Their inspiration comes from civilisations which, for thousands of years, have used earth and soil as an inexpensive way to build houses. Inexpensive and proven methods such as mud bricks, rammed earth and cob have shaped their vision.

"We’ve followed the same kind of traditional building processes that developed over several millennia but we did it over the course of a few years," explains Rael, who is also a professor of architecture at the University of California, Berkeley.

They have recently completed a wall structure using printed salt tiles and are looking at other ways to print with household items such as pepper and recycled paper.

The objects are made using powder-printing rather than the more common extruded material method. This technique removes the need for expensive formwork – moulds that concrete is poured into – which can take up to nearly 60% of costs of building concrete structures.

This type of printing has several advantages, according to Rael, reduction of formwork costs being one. Powder-printing also reduces waste, reduces the industry’s carbon footprint and increases precision in an industry not often known for its precision engineering.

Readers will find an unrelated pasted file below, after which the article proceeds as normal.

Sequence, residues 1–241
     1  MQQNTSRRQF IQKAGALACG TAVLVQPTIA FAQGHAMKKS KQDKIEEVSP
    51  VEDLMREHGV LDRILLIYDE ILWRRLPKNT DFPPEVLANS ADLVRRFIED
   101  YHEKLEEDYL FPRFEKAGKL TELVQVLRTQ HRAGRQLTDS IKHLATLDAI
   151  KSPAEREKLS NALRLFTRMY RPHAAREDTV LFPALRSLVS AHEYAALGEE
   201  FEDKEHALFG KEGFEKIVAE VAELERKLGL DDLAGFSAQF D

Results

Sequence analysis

"We are creating a fundamental building component, we are creating a digital brick," says Rael. "A digital brick can be stacked, assembled and coursed and put together in a way that fits perfectly with its adjacent brick."

3D printed homes for the disadvantaged

The potential for 3D printing to reduce costs and speed up construction times could translate into better, more affordable housing for those in economically-deprived areas or disaster-prone parts of the world.

"For house building, these small 3D printers have been cast aside and superseded with large-scale machines."

That’s the opinion of Behrokh Khoshnevis, director of the Manufacturing Engineering Graduate Program at the University of Southern California and creator of a revolutionary manufacturing technique called ‘contour crafting’.